The History of Movie Posters

DECEMBER 20, 2021
Movie posters throughout the decades.
Movies cast by Central Casting

Whether working on film and TV sets, scrolling your phone, or driving around town, you probably see movie posters all the time. While filmmakers put a lot of thought into the content of the movie or episode, just as much thought goes into creating the perfect poster to represent the production. And as a Central Casting Background Actor, you have the opportunity to get booked on movie and TV poster shoots.

Evolution of movie posters

The first promotional movie poster was created in 1895 for the French short L'Arroseur Arrosé, the earliest known fictional comedy film. Since the early cinemas only had one screen to show a single film, displaying posters outside the theater became integral to generating word of mouth and interest in the production.

Early Hollywood movie posters were heavily influenced by ads made for traveling entertainment, like circuses. The main style through the end of the 1940s featured an illustrated scene or characters from the film. Then the ‘50s and ‘60s posters saw an increase in conceptual, abstract, and minimalist designs. Photographs began to take over illustrations in the ‘70s, which led to today’s modern film poster style that rose to prominence in the 1980s.

Psychology of movie posters

Color theory, the science and art behind use of color, is used throughout visual design, especially when trying to communicate a specific message. From cinematography, to production design, to special effects, color theory has long been used by filmmakers to draw the desired emotion from an audience. With little space or context to try to sell their film, poster designers often use specific color schemes and visuals to catch your eye and communicate what the film is about. According to movie poster designer James Verdesoto, these are some common color schemes and the types of movies and TV shows you might see advertised:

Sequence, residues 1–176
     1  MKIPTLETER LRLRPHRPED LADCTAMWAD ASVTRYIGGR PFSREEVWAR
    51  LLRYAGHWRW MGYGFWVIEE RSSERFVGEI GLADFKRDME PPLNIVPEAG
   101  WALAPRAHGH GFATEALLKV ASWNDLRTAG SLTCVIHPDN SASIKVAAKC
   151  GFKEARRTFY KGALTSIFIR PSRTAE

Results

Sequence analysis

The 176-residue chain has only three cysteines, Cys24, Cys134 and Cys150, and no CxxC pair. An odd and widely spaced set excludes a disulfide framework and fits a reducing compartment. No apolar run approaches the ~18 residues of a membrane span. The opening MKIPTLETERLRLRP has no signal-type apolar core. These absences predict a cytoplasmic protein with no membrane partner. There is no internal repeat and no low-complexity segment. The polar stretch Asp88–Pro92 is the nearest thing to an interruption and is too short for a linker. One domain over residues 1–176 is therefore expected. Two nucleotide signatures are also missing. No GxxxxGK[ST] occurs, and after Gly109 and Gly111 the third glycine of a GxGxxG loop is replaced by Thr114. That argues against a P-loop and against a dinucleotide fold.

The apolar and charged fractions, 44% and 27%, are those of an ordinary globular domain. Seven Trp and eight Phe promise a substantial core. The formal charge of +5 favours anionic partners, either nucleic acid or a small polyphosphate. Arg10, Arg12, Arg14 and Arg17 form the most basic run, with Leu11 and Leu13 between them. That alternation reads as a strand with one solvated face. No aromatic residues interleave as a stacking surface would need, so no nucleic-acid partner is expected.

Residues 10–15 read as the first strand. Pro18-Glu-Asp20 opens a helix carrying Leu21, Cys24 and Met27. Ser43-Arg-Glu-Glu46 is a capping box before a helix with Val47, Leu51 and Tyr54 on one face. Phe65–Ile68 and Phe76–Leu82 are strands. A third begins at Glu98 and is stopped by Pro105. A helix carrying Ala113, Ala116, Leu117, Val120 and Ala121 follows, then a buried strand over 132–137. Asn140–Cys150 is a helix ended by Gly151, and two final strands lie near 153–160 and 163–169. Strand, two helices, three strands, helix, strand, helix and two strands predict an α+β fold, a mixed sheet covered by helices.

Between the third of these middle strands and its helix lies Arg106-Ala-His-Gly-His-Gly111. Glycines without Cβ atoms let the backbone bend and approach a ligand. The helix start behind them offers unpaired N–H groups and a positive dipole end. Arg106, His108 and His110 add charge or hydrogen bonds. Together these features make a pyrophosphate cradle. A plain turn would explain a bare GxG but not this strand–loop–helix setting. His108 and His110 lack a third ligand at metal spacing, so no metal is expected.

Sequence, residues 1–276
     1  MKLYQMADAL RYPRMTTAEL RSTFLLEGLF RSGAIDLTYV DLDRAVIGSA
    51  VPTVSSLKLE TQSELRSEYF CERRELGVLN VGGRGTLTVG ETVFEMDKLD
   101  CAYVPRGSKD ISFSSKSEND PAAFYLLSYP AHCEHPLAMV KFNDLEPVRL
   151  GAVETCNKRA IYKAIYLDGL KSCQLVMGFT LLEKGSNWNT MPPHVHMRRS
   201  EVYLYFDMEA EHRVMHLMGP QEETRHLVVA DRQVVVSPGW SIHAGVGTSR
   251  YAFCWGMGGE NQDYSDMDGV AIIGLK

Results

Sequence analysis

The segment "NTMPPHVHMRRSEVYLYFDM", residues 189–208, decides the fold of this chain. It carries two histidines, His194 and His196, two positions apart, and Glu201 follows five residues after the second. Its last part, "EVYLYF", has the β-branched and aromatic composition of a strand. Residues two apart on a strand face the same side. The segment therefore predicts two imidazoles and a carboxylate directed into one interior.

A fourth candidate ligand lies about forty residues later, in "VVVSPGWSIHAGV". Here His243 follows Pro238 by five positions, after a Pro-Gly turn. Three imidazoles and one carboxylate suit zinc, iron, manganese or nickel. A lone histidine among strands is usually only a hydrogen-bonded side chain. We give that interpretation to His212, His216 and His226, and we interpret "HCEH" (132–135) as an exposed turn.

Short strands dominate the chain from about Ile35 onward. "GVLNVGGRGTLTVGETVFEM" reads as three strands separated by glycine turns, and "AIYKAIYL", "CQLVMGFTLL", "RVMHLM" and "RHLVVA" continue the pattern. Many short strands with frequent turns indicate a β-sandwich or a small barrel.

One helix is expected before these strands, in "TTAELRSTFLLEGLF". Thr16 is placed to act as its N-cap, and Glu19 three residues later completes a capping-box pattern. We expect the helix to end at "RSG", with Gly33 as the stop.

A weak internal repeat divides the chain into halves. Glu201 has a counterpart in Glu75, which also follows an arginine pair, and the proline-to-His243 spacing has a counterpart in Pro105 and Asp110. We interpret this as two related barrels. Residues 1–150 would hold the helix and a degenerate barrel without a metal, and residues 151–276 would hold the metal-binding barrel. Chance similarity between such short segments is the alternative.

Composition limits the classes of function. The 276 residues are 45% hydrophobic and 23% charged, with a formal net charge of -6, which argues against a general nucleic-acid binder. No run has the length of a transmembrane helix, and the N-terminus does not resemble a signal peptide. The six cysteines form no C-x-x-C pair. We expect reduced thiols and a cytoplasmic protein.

Red and white

Red evokes feelings of energy, excitement, and love. Red and white color schemes are used for comedy posters, with a photo or still that represents the movie.

Blue

Blue is often used in thrillers, showing a character running or in movement to indicate action and suspense. This poster type is inspired from film noir artwork and came to prominence in the 1990s.

Black, white, and orange

This color scheme is used for action films with a high contrast black and white photo to convey intensity with an orange fire like element to invoke excitement.

Blue and orange

This is one of the most common color combinations used for a variety of genres. As complimentary colors, blue and orange pop when used together. Blue can also be used to tie elements of the poster together, while orange guides your eye to the main focus.

The Proposal, Pulse, The Fast and The Furious, Iron Man 2 posters.
Examples of poster styles for movies cast by Central Casting

Central Casting and movie posters

At Central Casting, we cast Background Actors, Stand-Ins, and doubles in movies, TV shows, and a variety of other productions, including in film and TV poster shoots. When making a poster, some productions opt to use doubles or Background Actors to get the perfect images for their design, like the horror film Pulse booking a hand double from Central Casting to create the “spirits” that envelop Kristen Bell on the poster. Accurate appearance information, sizes, and current photos are extremely important when booking doubles; keep your online profile updated so you show up in Casting Director searches for these types of roles.

Since we were founded in 1925, Central Casting has provided background for thousands of movies and TV episodes, from silent films of the 1920s, to Golden Age classics, to your current favorite productions. Be sure to check out the credits section on our About page to see some of the current projects we’re working on throughout our offices in Los Angeles, New York, Georgia, and Louisiana. Then click the “legacy” option to learn more about some of the films and TV shows we’ve cast over the last 96 years.

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By Meghan Dubitsky

Article Category:

Hollywood History


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